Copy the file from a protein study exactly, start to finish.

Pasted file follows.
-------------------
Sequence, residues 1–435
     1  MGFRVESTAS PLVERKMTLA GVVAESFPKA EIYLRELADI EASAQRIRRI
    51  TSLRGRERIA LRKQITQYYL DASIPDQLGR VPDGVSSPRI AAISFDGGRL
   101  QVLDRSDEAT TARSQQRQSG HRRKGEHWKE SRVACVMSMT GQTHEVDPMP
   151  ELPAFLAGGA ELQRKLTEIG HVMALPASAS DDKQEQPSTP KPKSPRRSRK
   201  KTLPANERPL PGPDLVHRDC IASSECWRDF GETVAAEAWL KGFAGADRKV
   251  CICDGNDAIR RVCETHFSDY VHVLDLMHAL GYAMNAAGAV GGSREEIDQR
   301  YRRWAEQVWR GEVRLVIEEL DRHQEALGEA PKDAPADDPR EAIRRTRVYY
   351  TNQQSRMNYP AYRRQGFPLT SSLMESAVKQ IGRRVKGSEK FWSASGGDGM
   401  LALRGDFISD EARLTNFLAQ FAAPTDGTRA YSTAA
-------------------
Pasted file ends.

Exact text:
Sequence, residues 1–435
     1  MGFRVESTAS PLVERKMTLA GVVAESFPKA EIYLRELADI EASAQRIRRI
    51  TSLRGRERIA LRKQITQYYL DASIPDQLGR VPDGVSSPRI AAISFDGGRL
   101  QVLDRSDEAT TARSQQRQSG HRRKGEHWKE SRVACVMSMT GQTHEVDPMP
   151  ELPAFLAGGA ELQRKLTEIG HVMALPASAS DDKQEQPSTP KPKSPRRSRK
   201  KTLPANERPL PGPDLVHRDC IASSECWRDF GETVAAEAWL KGFAGADRKV
   251  CICDGNDAIR RVCETHFSDY VHVLDLMHAL GYAMNAAGAV GGSREEIDQR
   301  YRRWAEQVWR GEVRLVIEEL DRHQEALGEA PKDAPADDPR EAIRRTRVYY
   351  TNQQSRMNYP AYRRQGFPLT SSLMESAVKQ IGRRVKGSEK FWSASGGDGM
   401  LALRGDFISD EARLTNFLAQ FAAPTDGTRA YSTAA